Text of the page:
Dinosaur Dustup: Auctioneer, Mongolia Battle Over $1M Bones

PHOTO: An 8-foot-tall, 24-foot-long tarbosaurus ? a cousin of the Tyrannosaurus Rex ? is at the heart of legal battle between Heritage Auctions and the president of Mongolia.
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The skeleton of a dinosaur that roamed Earth nearly 80 million years ago and sold for more than $1 million this weekend is now the subject of a court battle between the well-known Heritage Auctions and the government of Mongolia.

On Sunday, the New York auction house sold the 8-foot-tall, 24-foot-long Tarbosaurus -- a cousin of the Tyrannosaurus Rex -- for $1,052,500 in New York to an unidentified buyer. The auction house did not identify the seller and said it did not know where the dinosaur had come from.

"It's one of the most extraordinary fossils we've sold. The condition is extraordinary. The completeness is extraordinary," said Greg Rohan, the auction house's president. "It entered the United States legally. Our lawyers aren't aware of any treaties between Mongolia and the United States that would prohibit the importation of dinosaurs."

Rohan said the seller had spent a year -- and a considerable amount of money -- restoring and preparing the dinosaur skeleton for auction. Rohan said he didn't know whether the auction house had sold items previously for the seller.

"He's a reputable person," he said. "[Heritage Auctions] has known him for some years. ... He warrantied to us that he has clear title to sell it."

Mongolia Wins U.S. Court Order

The dinosaur skeleton remains with Heritage Auctions in New York, however, pending the end of litigation brought by Robert Painter, a Houston attorney for Mongolian President Elbegdorj Tsakhia.

Painter said that because Mongolia was a hotbed for dinosaur bones and fossils -- as well as looting -- the country wanted the auction house to identify the seller and the dinosaur's origins.

Painter said that Mongolia's president learned of the auction Thursday from experts in the dinosaur field.

"There are a lot of dinosaur experts and paleontologists and museum people that say the only place where the dinosaur skeleton could have originated is Mongolia and the Gobi Desert," Painter told ABC News today. "[It's] the most fertile field for dinosaur skeletons in the world."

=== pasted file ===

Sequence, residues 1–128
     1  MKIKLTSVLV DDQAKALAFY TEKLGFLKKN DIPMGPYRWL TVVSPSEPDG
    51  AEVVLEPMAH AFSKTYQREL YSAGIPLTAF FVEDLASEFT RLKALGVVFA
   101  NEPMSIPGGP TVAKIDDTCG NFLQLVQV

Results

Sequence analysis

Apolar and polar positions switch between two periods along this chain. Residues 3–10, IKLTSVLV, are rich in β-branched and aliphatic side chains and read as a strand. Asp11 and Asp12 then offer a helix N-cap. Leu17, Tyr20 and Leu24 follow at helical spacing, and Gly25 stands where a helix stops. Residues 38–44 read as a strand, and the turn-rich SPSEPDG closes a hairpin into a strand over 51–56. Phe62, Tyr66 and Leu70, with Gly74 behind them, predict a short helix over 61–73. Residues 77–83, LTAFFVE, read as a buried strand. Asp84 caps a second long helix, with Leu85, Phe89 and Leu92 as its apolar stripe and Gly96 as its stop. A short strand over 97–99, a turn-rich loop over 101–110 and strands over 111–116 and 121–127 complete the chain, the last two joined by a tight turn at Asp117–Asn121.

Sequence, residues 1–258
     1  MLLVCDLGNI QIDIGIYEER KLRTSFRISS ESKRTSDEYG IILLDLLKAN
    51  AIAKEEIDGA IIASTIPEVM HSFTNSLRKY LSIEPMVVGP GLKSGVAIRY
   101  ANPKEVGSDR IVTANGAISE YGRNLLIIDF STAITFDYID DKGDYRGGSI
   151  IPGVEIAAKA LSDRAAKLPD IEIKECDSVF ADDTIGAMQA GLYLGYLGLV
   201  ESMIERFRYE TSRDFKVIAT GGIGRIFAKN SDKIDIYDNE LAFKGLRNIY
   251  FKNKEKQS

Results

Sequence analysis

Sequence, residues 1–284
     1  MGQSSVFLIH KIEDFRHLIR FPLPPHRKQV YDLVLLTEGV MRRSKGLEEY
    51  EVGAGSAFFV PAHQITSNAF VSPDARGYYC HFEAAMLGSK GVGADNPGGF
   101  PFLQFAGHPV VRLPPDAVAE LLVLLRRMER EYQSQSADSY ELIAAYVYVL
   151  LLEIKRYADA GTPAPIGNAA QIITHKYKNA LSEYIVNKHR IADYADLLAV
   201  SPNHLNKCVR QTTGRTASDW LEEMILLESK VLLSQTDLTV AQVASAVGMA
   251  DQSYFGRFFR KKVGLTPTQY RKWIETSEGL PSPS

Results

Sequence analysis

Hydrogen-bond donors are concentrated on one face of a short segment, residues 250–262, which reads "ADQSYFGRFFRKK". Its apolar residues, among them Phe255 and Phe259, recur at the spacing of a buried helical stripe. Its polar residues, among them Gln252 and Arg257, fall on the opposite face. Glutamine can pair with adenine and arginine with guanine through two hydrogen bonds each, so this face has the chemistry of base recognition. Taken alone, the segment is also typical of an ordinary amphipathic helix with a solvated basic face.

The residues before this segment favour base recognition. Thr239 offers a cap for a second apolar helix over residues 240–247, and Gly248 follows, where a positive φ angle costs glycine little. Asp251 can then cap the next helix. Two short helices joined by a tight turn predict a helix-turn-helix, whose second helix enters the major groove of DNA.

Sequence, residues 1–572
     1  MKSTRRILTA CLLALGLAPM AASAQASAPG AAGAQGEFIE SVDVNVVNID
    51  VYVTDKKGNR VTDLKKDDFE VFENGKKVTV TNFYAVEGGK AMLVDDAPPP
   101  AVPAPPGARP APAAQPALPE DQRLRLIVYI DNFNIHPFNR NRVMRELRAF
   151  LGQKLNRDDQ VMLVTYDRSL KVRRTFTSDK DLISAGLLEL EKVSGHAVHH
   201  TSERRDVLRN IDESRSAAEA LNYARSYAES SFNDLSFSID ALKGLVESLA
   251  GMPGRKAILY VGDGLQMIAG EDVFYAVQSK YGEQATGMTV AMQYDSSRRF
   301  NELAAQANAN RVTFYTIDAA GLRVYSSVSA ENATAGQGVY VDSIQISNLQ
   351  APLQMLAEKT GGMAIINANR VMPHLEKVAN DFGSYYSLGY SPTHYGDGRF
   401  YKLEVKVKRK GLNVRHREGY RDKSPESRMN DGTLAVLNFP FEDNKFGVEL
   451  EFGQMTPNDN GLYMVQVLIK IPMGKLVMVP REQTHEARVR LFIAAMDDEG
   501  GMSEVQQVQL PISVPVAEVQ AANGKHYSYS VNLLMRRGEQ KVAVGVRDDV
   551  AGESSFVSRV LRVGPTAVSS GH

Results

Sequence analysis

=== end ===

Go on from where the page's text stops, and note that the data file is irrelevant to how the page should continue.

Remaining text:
Painter said that Mongolia did not permit the import or sale of fossils and dinosaur bones and that looting at excavation sites was a big problem.

Dr. Mark Norell, chairman and curator for the division of paleontology at the American Museum of Natural History in New York, said that he'd worked in the Gobi Desert for 22 years in partnership with the Mongolian Academy of Science, a branch of the government. He wrote a letter to the Mongolian government informing officials about the auction and the criticism it had generated.

"We've seen very increasing and extreme evidence of looting," he told ABC News today. "Specimens are smuggled out of Mongolia. There is no legal mechanism to remove specimens from Mongolia. There hasn't been for decades."

He said that when he and other scientists found fossils or bones, they were catalogued before being loaned to the U.S. and other countries for study. He said that only a handful of Tarbosaurus specimens had been collected and that just a couple had been as complete as the Heritage Auctions dinosaur.

"This specimen," Norell said, "I'm 99 percent certain that it's from Mongolia. ... If there's a 1 percent chance that it's not from Mongolia, then it's from China."

He said that China was even stricter about the sale of its bones and fossils, making it "impossible to get this legally."

He said the Tarbosaurus skeleton was rare because of its completion but also because of the age of the bones. The Tarbosaurus was a juvenile, which makes it a gem to researchers trying to document dinosaurs' intermediate stages.

"Any time you find a dinosaur that's 75 percent complete, it's a spectacular find," he said. "Carnivores [like Heritage Auctions' dinosaur] are rarer in nature. They are closer to birds. Their bones are fragile and hollow and doubly hard to find. They don't make good fossils."

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